The sidewalk runs on into the horizon, converging on the vanishing point, from which I can see no further. What happens when you reach the vanishing point, I wonder? Do you cease to exist, multiply into infinity? I’ll probably never know. With each step, it moves away from me, taunting me.

A van glides down the wet pavement, breaking the silence. It sounds like someone is peeling off a bandage. I kick a puddle and watch the drops fly through the air.

There’s little culture here, nothing much to see. Culture, I suppose, is in the dull, mechanical repetition of life inside your home, the home identical to the all others on block. It’s HBO’s Game of Thrones or The Glenn Beck Radio Program. It’s a Microsoft Xbox controller or a Stouffer’s Family Size Lasagna Italiano in the oven.


The sidewalk brought me here, to this quaint scene of Middle America. From the semitas of Ancient Rome to a life as a flâneur – a gentleman of leisure – in ol’ Gai Paris, I walk, timeless, ageless, endlessly in my quest for the vanishing point. I’ve seen it before and I’ll see it all again before I die.

I travel, on average, 3 miles an hour. The speed limit for th cars is 25 miles per hour. I watch the van, a red Ford E-Series, disappear in the abyss of the vanishing point. I imagine a loud tearing sound, like thunder. It’s another piece of cultural ephemera, gone in but a pinprick of light, just as the chariots and carriages that preceded it.

When Europeans first arrived, America was – believe it or not – startlingly devoid of sidewalks. So they built some, first with wood, then gravel, brick, and – finally – cement. As our great country urbanized, we kicked the peddlers and protesters off the curb with laws and ordinances, decreased the width of the sidewalk to make way for cars. Jaywalkers were outlawed, kids shooed into the backyard.


The streets were dangerous, the sidewalks too close, and the stores too far. The sidewalk, that great carrier of civilization, emptied out.

Except for me.

Perhaps that’s a bit hyperbolic. People still walk their dogs, after all.

I turn the corner, the vanishing point momentarily withdrawing from view. I expect to see it again, but I’ve hit a dead end. The sidewalk stops abruptly in front of the wide, green lawn of a spacious suburban home. Is this, my friends, the vanishing point? Have I, in fact, reached my destination?

For a moment, I cease to exist. Orange light pools in the spot I once stood.


Dickeyville Grotto


The sun was blood red over the Mississippi. It gushed upon the horizon, purple and orange. A cold breeze from the north weaved its way through the husks of corn drying dead on spindly stalks. Alternating rows of crops and grass repeated ad infinitum across the hills.

I was somewhere in Wisconsin.

We took a left on Great River Road. We passed Sunset Lanes, a bowling alley that looked like small airplane hanger, the parking lot packed with American trucks. A brown barn with antique gas pumps out front advertised itself as a flea market. Above a dingy, nondescript repair shop stood a water tower with the town’s name, “Dickeyville”, emblazoned on it in thick, black letters.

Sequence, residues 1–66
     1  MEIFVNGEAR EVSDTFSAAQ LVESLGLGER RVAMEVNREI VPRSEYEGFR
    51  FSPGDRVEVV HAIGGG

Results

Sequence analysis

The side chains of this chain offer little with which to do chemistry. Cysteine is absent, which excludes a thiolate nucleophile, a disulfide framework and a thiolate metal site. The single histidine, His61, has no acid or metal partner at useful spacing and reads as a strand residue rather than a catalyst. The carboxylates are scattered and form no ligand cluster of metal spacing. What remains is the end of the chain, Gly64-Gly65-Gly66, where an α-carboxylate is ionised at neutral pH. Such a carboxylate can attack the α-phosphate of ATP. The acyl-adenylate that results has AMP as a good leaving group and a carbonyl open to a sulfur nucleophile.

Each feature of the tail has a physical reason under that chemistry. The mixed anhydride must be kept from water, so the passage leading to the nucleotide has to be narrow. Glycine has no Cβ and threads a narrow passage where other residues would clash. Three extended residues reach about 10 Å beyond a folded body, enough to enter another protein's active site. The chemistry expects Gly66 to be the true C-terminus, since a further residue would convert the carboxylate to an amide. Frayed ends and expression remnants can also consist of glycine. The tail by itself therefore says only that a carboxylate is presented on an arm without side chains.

Old homes and squat motels lined Main Street. Here was a gas station, there a diner. We turned the corner, the sun low, the shadows long. Two kids rode their bikes up the empty, cracked sidewalk. A steeple poked into view, the tiled, angular spire piercing the dark blue sky with startling ferocity.

Something unusual caught my eye. A grotto, a cave, next to the church. A man-made stone building bedecked with bits of seashell, shards of tea cups, a petrified tree trunk, and all bound together with poured cement. It leaped forth from the ground in a profusion of organic shapes, as if it might slither into the ether at any given moment.


The handicraft of Father Mathias Wernerus, an immigrant, it’s part ode to religion, part ode to patriotism. He spent roughly a half-decade of his life affixing the stones, inspired almost undoubtedly by Father Paul Dobberstein’s famous grotto in West Bend, Iowa. There’s a shrine to Jesus. A shrine to Mary. A shrine to Christopher Columbus. His fervor knew no bounds. Stone rope unites Wernerus’ creations, entreating you to stroll through his imagination.

Warnerus’ final vision is smaller in scale than Dobberstein’s work, but no less impassioned. It’s the masterwork of an artistic savant, bursting with childlike enthusiasm. Mary is in in the main grotto behind glass, the entryway to her shine resembling the open maw of a primordial monster.


You can’t help but ask: why? Why build such a monument in an out of the way town in American’s heartland? Wernerus once believed his grotto was destined to be a great tourist attraction. But did he build it in search of glory? Or a feeling more divine?

Dobberstein was inspired to construct his grotto after a bout with pneumonia. Wernerus, strangely enough, died of pneumonia in 1931.

He’s gone, but because of his grotto, never forgotten in Dickeyville, Wisconsin.